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Migration, remittances and educational levels of household members left behind: Evidence from rural Morocco

Listed author(s):
  • Jamal BOUOIYOUR
  • Amal MIFTAH

In this paper, we empirically investigate the relationship between international migration and education attainment levels. We ask whether rural children who live in households that experience migration or/and receiving remittances are more likely to complete school at a given age than children who live in non-migrant households. Higher secondary and higher education levels are examined separately. Our results clearly show that children in remittance-receiving households complete significantly more years of schooling. In particular, remittances increase the probability of a male child completing high school. However, the evidence suggests that the international migration lowers deeply the chances of children completing higher education. Evidence also indicates the utmost importance of households' socio-economic status in determining to what extent the household mitigates the possible detrimental effects of migration on their children's educational outcomes.

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File URL: http://catt.univ-pau.fr/live/digitalAssets/144/144915_2015_2016_3docWCATT_Migration_Remittances_Educational_Levels_Rural_Morocco_JBouoiyour_AMiftah.pdf
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Paper provided by CATT - UPPA - Université de Pau et des Pays de l'Adour in its series Working Papers with number 2015-2016_3.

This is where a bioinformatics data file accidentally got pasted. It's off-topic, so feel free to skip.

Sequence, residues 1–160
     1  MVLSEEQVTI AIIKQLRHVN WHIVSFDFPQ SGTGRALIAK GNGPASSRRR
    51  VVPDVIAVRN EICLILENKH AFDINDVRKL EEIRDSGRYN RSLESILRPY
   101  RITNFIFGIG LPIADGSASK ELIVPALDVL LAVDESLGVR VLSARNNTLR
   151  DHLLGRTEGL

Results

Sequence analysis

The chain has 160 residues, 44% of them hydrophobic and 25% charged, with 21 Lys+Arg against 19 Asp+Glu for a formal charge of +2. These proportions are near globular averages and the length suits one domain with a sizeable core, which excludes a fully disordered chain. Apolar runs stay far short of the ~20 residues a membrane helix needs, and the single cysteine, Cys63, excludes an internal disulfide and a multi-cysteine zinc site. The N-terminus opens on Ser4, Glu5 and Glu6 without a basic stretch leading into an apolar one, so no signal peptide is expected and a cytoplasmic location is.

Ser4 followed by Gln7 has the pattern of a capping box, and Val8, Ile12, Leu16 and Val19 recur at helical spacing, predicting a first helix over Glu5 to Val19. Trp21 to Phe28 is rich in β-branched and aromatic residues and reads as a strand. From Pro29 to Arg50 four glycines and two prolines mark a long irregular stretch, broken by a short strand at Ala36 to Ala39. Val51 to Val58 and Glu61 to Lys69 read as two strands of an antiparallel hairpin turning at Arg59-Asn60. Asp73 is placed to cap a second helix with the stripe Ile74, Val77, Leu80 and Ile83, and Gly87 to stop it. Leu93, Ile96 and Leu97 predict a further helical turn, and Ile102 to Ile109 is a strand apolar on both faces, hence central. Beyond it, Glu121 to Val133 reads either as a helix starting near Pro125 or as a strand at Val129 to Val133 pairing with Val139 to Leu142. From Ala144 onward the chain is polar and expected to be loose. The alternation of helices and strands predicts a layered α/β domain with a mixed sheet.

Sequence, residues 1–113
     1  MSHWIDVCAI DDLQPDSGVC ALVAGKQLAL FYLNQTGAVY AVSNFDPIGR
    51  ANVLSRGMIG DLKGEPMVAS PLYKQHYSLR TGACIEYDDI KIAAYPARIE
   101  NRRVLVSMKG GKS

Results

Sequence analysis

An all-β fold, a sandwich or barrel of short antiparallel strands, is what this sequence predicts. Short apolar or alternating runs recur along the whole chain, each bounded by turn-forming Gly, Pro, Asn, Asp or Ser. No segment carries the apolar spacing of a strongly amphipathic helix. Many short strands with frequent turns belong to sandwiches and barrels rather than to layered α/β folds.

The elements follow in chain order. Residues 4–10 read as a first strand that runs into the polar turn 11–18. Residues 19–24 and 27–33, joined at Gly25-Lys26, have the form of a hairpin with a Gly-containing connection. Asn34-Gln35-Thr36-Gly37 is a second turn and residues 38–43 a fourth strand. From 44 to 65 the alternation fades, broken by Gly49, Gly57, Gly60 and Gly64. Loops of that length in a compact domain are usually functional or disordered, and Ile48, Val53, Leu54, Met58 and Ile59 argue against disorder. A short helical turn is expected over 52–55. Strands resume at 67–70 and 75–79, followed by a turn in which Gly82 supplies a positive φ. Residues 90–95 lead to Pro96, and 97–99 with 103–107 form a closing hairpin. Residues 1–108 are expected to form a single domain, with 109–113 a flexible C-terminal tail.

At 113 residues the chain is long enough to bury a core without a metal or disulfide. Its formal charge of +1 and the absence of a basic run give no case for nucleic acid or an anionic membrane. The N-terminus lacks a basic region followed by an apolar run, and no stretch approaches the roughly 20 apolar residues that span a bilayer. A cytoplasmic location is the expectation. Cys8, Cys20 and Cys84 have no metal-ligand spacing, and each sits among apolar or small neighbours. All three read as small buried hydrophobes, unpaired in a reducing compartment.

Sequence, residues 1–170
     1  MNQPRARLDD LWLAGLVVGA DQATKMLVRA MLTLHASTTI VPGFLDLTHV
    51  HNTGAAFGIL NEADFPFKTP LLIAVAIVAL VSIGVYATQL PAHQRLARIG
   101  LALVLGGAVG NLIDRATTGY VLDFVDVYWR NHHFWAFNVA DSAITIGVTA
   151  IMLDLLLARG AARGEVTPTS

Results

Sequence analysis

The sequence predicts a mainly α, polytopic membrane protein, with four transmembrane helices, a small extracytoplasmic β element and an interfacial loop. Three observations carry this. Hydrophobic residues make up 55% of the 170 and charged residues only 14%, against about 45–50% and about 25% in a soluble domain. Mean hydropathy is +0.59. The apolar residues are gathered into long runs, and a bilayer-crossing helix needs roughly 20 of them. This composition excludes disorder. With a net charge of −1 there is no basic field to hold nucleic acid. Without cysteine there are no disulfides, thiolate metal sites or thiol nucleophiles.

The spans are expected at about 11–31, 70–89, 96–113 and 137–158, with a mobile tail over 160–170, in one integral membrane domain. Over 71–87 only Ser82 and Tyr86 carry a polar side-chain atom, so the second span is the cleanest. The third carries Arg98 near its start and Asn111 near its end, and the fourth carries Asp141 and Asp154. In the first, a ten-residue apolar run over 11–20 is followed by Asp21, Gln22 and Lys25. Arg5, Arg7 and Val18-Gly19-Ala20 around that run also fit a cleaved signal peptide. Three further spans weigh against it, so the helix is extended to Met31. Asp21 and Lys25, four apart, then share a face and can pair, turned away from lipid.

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Length: 21 pages
Date of creation: Sep 2015
Date of revision: Sep 2015
Handle: RePEc:tac:wpaper:2015-2016_3
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  1. Amuedo-Dorantes, Catalina & Pozo, Susan, 2010. "Accounting for Remittance and Migration Effects on Children's Schooling," World Development, Elsevier, vol. 38(12), pages 1747-1759, December.
  2. Ralph Chami & Connel Fullenkamp & Samir Jahjah, 2005. "Are Immigrant Remittance Flows a Source of Capital for Development?," IMF Staff Papers, Palgrave Macmillan, vol. 52(1), pages 55-81, April.
  3. Magali Beffy & Denis Fougère & Arnaud Maurel, 2009. "L’impact du travail salarié des étudiants sur la réussite et la poursuite des études universitaires," Économie et Statistique, Programme National Persée, vol. 422(1), pages 31-50.
  4. Amuedo-Dorantes, Catalina & Georges, Annie & Pozo, Susan, 2008. "Migration, Remittances and Children’s Schooling in Haiti," IZA Discussion Papers 3657, Institute for the Study of Labor (IZA).
  5. Calero, Carla & Bedi, Arjun S. & Sparrow, Robert, 2009. "Remittances, Liquidity Constraints and Human Capital Investments in Ecuador," World Development, Elsevier, vol. 37(6), pages 1143-1154, June.
  6. McKenzie, David & Rapoport, Hillel, 2006. "Can migration reduce educational attainment ? Evidence from Mexico," Policy Research Working Paper Series 3952, The World Bank.
  7. Alejandra Cox Edwards & Manuelita Ureta, 2003. "International Migration, Remittances, and Schooling: Evidence from El Salvador," NBER Working Papers 9766, National Bureau of Economic Research, Inc.